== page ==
2011: Merriam Peak, two new routes. By Peter Croft, AAC

Merriam Peak, showing the Clevenger-Harrington North Buttress Route on the left and the two new Croft-Rands routes on the right. Peter Croft

(Back to: North America, Contiguous USA, California)

By Peter Croft, AAC

Merriam Peak, two new routes.

Late last summer Lisa Rand and I headed up from the old mine ruins in Pine Creek to the high alpine of the Royce Lakes basin. The hike starts out bizarre: in a mile or so you look down on what looks like a Lord of the Rings movie set with bombed out buildings, rusted machinery, and creepy tunnels. Mounds of discarded crap rock look like the pooped out innards of the mountain looming above. All of which makes the peaks and snowfields feel that much more like paradise when you reach them. From our lakeside basecamp in late August we watched icebergs floating like hunchbacked swans.

Merriam’s north face is home to one of the classics of the range: Clevenger and Harringtons’ North Buttress. Good as it is, this route follows a line left of the buttress itself. On a previous visit I’d ogled some overhanging cracks that appeared to lead up the very crest. This is what we came for.

Peter Croft enjoying perfect Sierra granite on one of his north buttress routes on Merriam Peak. Lisa Rand

Early next morning we stamped over suncupped snow up to the base, arriving just behind two other climbers headed for the reg route. After a long moderate pitch and a 5.11 stemming section we arrived at the overhanging cracks. Expecting a 5.12 struggle I found perfect hands in perfect rock. Pulling the lip the crack swept up until it pinched off below a large roof. At the last moment edges led left to another crack and up to sling belay. A pitch higher we ran into another discontinuity: a 40 foot vertical headwall of orange ripples above a big ledge.

Fortunately for my nervous ankles, a few decent gear pods showed up, but I still overgripped the twisty-turny holds and huffed and puffed. Lisa, of course, made it look easy. From there, another corner and a short traverse to the reg route. On the summit by 3 p.m. she asked if new routing always went so smoothly. Uh, no!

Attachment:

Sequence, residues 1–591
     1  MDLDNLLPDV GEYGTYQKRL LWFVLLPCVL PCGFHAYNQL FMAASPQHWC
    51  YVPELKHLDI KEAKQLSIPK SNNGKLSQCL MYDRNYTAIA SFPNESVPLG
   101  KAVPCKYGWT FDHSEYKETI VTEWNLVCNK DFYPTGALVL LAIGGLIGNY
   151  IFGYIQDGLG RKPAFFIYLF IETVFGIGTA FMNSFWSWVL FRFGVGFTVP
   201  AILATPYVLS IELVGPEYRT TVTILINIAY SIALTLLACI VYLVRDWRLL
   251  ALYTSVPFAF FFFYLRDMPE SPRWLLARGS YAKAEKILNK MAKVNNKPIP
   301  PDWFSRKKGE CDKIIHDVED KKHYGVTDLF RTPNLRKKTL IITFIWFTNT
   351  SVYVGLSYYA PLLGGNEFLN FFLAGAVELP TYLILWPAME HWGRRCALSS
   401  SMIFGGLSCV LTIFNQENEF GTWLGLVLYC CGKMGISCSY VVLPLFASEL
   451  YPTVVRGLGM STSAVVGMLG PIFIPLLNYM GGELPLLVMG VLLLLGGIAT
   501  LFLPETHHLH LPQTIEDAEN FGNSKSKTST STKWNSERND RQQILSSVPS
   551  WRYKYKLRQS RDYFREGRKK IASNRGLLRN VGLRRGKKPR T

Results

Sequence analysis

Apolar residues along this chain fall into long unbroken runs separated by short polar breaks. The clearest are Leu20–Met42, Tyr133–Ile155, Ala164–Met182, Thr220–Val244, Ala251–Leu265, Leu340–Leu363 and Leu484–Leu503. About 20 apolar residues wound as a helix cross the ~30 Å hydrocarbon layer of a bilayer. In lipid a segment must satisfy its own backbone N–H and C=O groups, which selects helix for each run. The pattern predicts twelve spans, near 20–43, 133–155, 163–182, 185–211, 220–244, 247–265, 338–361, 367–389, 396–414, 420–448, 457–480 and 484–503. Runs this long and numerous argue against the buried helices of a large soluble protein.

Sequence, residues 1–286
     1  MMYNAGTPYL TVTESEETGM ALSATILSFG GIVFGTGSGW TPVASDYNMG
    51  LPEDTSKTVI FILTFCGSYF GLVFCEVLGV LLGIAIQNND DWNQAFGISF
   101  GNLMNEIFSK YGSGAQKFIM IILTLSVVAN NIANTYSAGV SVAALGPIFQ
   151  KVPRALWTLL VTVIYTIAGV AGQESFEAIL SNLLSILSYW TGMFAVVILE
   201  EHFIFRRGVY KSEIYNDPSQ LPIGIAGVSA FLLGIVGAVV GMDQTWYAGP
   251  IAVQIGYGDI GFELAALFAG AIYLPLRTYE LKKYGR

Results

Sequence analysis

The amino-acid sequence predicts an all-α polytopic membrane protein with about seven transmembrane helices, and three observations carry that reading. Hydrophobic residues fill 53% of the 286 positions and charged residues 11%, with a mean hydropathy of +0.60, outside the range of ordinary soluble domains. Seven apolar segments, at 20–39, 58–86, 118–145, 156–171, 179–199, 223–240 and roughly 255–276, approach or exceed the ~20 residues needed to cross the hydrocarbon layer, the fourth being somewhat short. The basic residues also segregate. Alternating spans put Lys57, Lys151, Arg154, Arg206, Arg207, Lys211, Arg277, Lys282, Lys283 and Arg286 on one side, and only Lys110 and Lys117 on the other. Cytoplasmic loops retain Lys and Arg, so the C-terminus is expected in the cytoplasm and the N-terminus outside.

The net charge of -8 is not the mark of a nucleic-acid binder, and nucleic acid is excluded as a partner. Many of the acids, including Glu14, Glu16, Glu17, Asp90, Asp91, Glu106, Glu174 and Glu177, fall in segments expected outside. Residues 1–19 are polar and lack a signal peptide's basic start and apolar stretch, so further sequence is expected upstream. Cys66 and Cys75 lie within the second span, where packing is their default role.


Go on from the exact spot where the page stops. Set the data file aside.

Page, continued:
After such good climbing we thought the trip was complete, but on the descent we perved out on another line on the right side of the buttress. The cracks looked to connect, but one pitch in particular looked either futuristic or impossible.


Next morning we were heading out but decided we at least had to check out this other line first. A couple of 70m rope-stretchers led us into overhanging terrain and, luckily, the first of a series of perfect ledges. Above, the “futuristic” turned plain fantastic—probably the best alpine 5.11 pitch I’ve done. Crazy good fingers and stemming led to another cool perch. Watching Lisa follow this pitch with the ropes out in space was better than Cliffhanger. Amazingly clean fingers-to-fist led three more pitches to the ridge crest. If anything, this route was even better than the first.

Again on top by 3 p.m. Perfect! All we had to do now was the dozen-mile death march back to Mordor.

© American Alpine Club

 

Experience the new AAJ

@ publications.americanalpineclub.org

You can now read, search, and explore every year of the AAJ and other AAC titles.

Publications Site

IMPORTANT:  We are currently migrating digital resources from the AAJ Online (aaj.americanalpineclub.org) to publications.americanalpineclub.org. The AAJ Online will remain active until Fall 2013; however, it will no longer be maintained or updated with new content. In the meantime you can continue to browse and search the AAJ Online for AAJ articles and resources from the years 2009-2012.